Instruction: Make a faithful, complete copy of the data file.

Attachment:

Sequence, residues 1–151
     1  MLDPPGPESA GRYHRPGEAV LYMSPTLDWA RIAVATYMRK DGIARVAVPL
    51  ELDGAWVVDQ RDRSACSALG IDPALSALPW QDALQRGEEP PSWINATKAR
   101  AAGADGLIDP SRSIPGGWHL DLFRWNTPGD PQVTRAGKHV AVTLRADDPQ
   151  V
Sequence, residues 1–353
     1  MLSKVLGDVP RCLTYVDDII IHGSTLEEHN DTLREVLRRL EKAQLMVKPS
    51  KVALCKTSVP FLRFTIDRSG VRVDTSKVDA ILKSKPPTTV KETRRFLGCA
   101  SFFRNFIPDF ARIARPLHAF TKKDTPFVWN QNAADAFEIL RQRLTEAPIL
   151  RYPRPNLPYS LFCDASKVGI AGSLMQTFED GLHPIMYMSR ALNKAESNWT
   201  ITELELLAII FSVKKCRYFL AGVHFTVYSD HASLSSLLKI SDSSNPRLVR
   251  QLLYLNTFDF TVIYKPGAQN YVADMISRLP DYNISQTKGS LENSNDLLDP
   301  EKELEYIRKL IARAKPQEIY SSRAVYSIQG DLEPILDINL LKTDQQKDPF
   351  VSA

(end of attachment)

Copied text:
Sequence, residues 1–151
     1  MLDPPGPESA GRYHRPGEAV LYMSPTLDWA RIAVATYMRK DGIARVAVPL
    51  ELDGAWVVDQ RDRSACSALG IDPALSALPW QDALQRGEEP PSWINATKAR
   101  AAGADGLIDP SRSIPGGWHL DLFRWNTPGD PQVTRAGKHV AVTLRADDPQ
   151  V
Sequence, residues 1–353
     1  MLSKVLGDVP RCLTYVDDII IHGSTLEEHN DTLREVLRRL EKAQLMVKPS
    51  KVALCKTSVP FLRFTIDRSG VRVDTSKVDA ILKSKPPTTV KETRRFLGCA
   101  SFFRNFIPDF ARIARPLHAF TKKDTPFVWN QNAADAFEIL RQRLTEAPIL
   151  RYPRPNLPYS LFCDASKVGI AGSLMQTFED GLHPIMYMSR ALNKAESNWT
   201  ITELELLAII FSVKKCRYFL AGVHFTVYSD HASLSSLLKI SDSSNPRLVR
   251  QLLYLNTFDF TVIYKPGAQN YVADMISRLP DYNISQTKGS LENSNDLLDP
   301  EKELEYIRKL IARAKPQEIY SSRAVYSIQG DLEPILDINL LKTDQQKDPF
   351  VSA